Legend of Mark

YAY! If you have a Facebook account, you can try it here.

This is a project I’ve been messing around with for a while now, but the premise is pretty simple: login with Facebook, then move around the island (arrow keys) and talk to the NPCs (spacebar). The NPCs will grab your public Facebook data (posts, statuses, comments, etc) and generate markov chains out of them for their dialog. Do you recognize what you’ve said? ;D

I got the idea (and initial algorithm) from an app called What Would I Say. Turns out the basic premise for text-based markov chains is pretty simple: for every word in a set of data, generate the list of words that word and record how often they follow it. Then, choose randomly from the list of starting words and continue to choose a following word at random  (with the frequency weights) until you hit a terminal word. This results in semi-coherent phrases with some minor grammar mishaps. If you’ve ever encountered spam that was almost human-readable it probably follows a similar algorithm!

I thought it would be neat to see a game where NPCs talked to you in those same semi-coherent, semi-recognizable strings, to see your own personality reflected in the game. And thus Legend of Mark was born!

Legend of Mark

The game was an experiment in using the Facebook API, browser-to-Unity communications, and pixel art. For tileable pixels, I got a lot of mileage out of this tutorial. I also wrote a Tiled map importer for Unity (more on that coming soon!)

All in all, while the game is a prototype that got slightly out of hand, I’m really excited for the learning I got out of it and some of the tooling that I can use in the future. In the meantime: enjoy the silliness!

One More TurnHave you heard of the One More Turn Podcast? If not, no worries, here’s a quick intro:

One More Turn’s a weekly production about video games run by two guys, Kevin King and Jim Stoholski. Episodes on the show come in one of 3 formats:

  1. Overview of a ‘classic’ game along with general discussion around the game’s main components (I really enjoyed this recent one about Metal Gear Solid and stealth)
  2. “Show and Tell,” where Jim and Kevin each pick a game they’ve been playing, usually something more obscure or on the indie side of things, and talk about it!
  3. “5 Questions,” where Kevin throws some really in-depth questions at indie devs and the games they make.

All three formats are really great in their own right! Having checked out a bunch of them, I recommend it if you’re like me and like to have a light podcast going in the background sometimes. I usually do while I’m working on art.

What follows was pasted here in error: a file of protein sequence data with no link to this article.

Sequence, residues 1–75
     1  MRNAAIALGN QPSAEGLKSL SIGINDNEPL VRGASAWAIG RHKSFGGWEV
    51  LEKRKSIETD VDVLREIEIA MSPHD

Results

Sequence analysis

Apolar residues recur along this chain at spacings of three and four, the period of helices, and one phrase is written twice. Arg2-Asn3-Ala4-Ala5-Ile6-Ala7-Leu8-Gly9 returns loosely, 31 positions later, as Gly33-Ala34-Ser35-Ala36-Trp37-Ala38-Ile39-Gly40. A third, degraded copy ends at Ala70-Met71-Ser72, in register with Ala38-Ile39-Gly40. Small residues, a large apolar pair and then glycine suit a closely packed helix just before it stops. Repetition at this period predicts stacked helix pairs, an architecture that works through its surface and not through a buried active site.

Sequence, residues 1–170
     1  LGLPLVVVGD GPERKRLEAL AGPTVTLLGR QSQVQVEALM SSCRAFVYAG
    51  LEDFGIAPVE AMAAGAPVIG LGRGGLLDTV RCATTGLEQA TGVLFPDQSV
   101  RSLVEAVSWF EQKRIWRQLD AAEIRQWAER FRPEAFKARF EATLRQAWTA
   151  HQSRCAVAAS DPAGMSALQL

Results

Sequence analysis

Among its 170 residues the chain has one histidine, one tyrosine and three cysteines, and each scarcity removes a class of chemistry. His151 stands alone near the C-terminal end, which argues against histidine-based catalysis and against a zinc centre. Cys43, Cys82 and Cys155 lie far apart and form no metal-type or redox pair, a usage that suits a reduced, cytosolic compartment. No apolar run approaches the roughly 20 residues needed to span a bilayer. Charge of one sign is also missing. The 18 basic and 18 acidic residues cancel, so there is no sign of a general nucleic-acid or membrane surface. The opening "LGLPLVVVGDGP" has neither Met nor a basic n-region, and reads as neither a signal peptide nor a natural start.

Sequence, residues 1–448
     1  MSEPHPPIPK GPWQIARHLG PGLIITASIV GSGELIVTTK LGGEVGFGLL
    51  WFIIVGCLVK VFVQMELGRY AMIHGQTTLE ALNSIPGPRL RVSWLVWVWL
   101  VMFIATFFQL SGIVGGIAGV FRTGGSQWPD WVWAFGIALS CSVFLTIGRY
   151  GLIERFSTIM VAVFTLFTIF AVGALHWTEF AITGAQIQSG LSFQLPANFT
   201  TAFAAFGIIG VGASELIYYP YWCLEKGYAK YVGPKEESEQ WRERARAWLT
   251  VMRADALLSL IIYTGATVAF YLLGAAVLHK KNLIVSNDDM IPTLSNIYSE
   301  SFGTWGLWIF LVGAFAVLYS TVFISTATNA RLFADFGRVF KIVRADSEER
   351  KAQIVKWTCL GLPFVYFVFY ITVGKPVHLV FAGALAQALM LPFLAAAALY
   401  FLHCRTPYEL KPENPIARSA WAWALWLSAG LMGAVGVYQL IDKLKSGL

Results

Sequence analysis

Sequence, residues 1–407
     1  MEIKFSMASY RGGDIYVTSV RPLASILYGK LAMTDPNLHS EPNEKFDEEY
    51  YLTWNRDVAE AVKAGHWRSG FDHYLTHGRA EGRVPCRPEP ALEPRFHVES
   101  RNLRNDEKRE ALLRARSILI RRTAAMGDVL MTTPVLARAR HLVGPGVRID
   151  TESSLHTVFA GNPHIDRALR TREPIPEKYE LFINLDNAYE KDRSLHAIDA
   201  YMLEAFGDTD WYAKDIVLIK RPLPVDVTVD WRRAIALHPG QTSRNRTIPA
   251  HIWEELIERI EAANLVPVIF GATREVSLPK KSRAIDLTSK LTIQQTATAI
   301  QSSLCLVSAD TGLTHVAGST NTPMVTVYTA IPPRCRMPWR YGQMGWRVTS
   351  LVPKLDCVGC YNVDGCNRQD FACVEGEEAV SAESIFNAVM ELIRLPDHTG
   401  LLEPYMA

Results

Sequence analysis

So Kevin actually found me through our own Indie Game House podcast (podcastopia up in here!) and used my feedback form to get in touch. He was looking for a game about motherhood with mother’s day coming up, and pretty much stumbled across my game. Cool stuff!

Growing was highlighted on their latest Show and Tell episode, Mamacritic, where Kevin breaks down the game in a really cool way (never thought of Growing as a “god game” before), and talks about the lack of games about motherhood or even parenting space. After all, the one other game I know to star a mother (Offspring Fling) came out of the same jam I did ;D

Kevin also interviewed me for their other segment: 5 Questions With Corey Nolan

In the video, we talk about Growing and what inspired me to make a game about mothers, the inspiration for the art style, and we also discuss Skinnier, a game I worked on with my friends Renee and Will and Global Game Jam 2014 and I still owe you guys a blog post about. ;D Also in typical Corey fashion I say way too many ‘ums’ and mix up my words a whole bunch. Worth listening to just for the embarrassment factor.

Anyway, these guys put on some great shows and if you’re a podcast fan I highly recommend tuning in. I know I will!

Phoenix Dodgeball (pic courtesy Tina Aramburu)

With Growing complete, I’ve started prototyping an idea I’ve been kicking around for a while. It’s a fusion of one of my favorite genres (turn-based strategy) and my favorite sports (dodgeball). (If you haven’t seen dodgeball since your elementary school days, you should get reacquainted with the competitive scene; it’s awesome! Here’s a video from my league that demonstrates some high-level play.)

The Concept

Starting Line (pic courtesy of Matthew Wegner) One thing that makes competitive dodgeball so interesting is the concept of “the burden.” Put simply, the burden is an algorithm to determine which side has a responsibility to give up balls in the next play. (The punishment for noncompliance usually involves the burdened team losing all their balls to the other side, which can be fatal against a veteran team.)

What’s fascinating though, is that the burden creates an implicit resolution of play into “turns,” and most high-level strategy gets encapsulated in a turn-based framework. These pseudo-turns consist of 3 main parts: